Lawmakers debated the bill at last week’s House Agriculture and Natural Resources Committee. Dixon steamrolled over any objections.

John Autry, a Mecklenburg County Democrat, asked for additional safety information about the process. “How do we know if there is significant contamination?” he said.

“We’ll follow a similar process when people thought the Earth was flat and found out it was round,” Dixon replied. “Observation and study.”

“I’m still concerned that the language requires DEQ to do this,” said Rep. Pricey Harrison, a Guilford County Democrat. “We lack the expertise.”

“I don’t think we ought to tell DEQ what the right technology is,” added Rep. Chuck McGrady, a Republican from Henderson County.

Rep. John Autry wants additional safety information.

Houston did not respond to multiple requests for comment about the safety and cost of the system. But Rep. Dixon defended the safety of the technology. He waved several sheets of paper before his colleagues at the committee meeting, saying “There’s been some dialogue that this is an unknown, unproven process,” he said. “Here are 10,000 pages that you’re welcome to access that talk about the process. I’ve not reviewed all of these documents, but I’m convinced this process has good merit to use.”

The documents that Dixon cited without having read don’t specifically address leachate aerosolization from landfills. They do deal with pathogens, such as monkeypox, but the articles don’t address the public health and environmental concerns of spraying landfill leachate into the air.

Brooks Rainey Pearson, staff attorney with the Southern Environmental Law Center, called leachate “a witch’s brew of toxics.”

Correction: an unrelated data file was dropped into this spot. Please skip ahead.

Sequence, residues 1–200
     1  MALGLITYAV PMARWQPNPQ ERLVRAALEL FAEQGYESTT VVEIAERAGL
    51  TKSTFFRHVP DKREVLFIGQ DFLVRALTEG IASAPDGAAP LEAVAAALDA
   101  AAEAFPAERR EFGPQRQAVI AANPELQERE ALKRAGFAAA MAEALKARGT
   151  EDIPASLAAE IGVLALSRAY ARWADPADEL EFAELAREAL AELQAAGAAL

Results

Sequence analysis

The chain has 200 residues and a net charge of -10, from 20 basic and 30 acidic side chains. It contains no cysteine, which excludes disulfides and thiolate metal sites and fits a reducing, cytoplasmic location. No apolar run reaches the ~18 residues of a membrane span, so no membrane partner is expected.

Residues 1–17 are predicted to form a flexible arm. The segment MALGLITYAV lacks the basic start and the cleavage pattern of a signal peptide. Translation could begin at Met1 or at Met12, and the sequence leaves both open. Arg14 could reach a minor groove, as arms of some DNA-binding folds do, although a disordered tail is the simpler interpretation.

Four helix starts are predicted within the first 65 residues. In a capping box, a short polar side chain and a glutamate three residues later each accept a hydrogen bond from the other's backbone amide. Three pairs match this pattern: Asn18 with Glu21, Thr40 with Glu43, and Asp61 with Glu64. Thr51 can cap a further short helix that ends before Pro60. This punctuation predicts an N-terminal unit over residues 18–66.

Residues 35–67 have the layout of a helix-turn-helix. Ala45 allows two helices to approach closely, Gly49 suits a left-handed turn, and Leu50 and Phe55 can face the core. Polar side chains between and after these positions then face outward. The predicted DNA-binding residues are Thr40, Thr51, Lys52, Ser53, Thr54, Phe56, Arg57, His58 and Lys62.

Pearson questioned why the technology should be allowed to circumvent permitting. ”

“This doesn’t begin to address air concerns,” she told NCPW. Microscopic particles, she said, can travel “at least three miles.”

Brooks Rainey Pearson

“We need data to show they don’t pass through the system,” Pearson added. “This bill doesn’t address how it interfaces with public health.”

Rep. Jeff Collins erroneously claimed that Foothills is “successfully using this process.” But according to DEQ, none of the North Carolina facilities has yet deployed the system.

An amendment did remove coal ash and swine waste from the list of landfills that can use the technology. It also requires any particles to fall within the permitted landfill area, and not beyond. In the original bill, spraying from unlined landfills didn’t require a permit, but now it does. However, the bill places the onus on the applicant, such as Republic, to provide data on contamination to DEQ.

“It doesn’t seem to be benign,” Harrison responded to Dixon. “Pathogens are a different issue than toxins and heavy metals that could spread. Am I wrong?”

“Yes ma’am,” Dixon replied. “You’re wrong. We’re talking about taking out the bad stuff and releasing only the good water. It’s not contaminant-free, but just at a safe enough level.”

In addition to Dixon, other key Republican lawmakers have been pushing this technology for at least a year. During the 2015-2016, the leachate language was couched in a late edition of House Bill 593, then sponsored by Rep. Pat McElraft. (She also favors leachate spraying.)

Filed in April 2015, that bill did not include a provision for leachate aerosolization — until June 16, 2016. That’s when the Senate Agriculture and Natural Resources Committee offered a substitute, which introduced the leachate idea for the first time.

A key member of the Senate Ag committee was Trudy Wade, a Guilford County Republican responsible for many environmentally damaging solid waste bills. On June 29, 2016, Wade was the chairwoman of a Senate conference committee charged with compromising with the House on some of the bill’s particulars. On June 30, the Wade campaign received $5,000 from Kelly Houston, the inventor of the leachate aerosolization technology.

Wade did not respond to written questions or a request for an interview about the timetable and her support of the technology.